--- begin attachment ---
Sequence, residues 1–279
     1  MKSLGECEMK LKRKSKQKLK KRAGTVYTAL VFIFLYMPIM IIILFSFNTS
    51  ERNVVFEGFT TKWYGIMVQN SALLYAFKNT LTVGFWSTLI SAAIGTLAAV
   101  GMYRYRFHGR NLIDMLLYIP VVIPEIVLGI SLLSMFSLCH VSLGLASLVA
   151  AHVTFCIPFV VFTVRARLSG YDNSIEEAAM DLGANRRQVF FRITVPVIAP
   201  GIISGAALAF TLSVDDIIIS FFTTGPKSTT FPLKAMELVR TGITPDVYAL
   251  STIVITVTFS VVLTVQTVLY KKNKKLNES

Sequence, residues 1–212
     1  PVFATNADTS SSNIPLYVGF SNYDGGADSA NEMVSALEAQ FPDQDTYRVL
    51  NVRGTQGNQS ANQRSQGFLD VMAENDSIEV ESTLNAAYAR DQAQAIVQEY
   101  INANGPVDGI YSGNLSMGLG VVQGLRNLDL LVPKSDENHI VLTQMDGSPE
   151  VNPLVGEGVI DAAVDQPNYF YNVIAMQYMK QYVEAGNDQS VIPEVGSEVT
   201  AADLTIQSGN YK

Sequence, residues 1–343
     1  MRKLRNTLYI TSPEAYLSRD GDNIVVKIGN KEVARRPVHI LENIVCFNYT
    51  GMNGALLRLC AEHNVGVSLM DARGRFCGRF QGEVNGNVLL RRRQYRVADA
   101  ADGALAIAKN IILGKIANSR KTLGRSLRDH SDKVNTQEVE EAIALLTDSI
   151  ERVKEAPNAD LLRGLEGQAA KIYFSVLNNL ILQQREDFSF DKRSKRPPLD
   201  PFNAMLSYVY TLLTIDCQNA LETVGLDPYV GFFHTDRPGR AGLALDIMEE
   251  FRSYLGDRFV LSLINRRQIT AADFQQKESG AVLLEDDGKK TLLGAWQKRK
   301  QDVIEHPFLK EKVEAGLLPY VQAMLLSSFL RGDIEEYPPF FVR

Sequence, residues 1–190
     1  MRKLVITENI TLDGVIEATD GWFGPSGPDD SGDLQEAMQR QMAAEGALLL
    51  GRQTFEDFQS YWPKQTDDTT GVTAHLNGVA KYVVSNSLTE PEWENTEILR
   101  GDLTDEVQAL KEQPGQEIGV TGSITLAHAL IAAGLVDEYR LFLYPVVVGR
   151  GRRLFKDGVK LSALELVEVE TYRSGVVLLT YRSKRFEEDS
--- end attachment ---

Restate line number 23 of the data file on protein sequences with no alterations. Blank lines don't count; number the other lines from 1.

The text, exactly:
     1  MRKLVITENI TLDGVIEATD GWFGPSGPDD SGDLQEAMQR QMAAEGALLL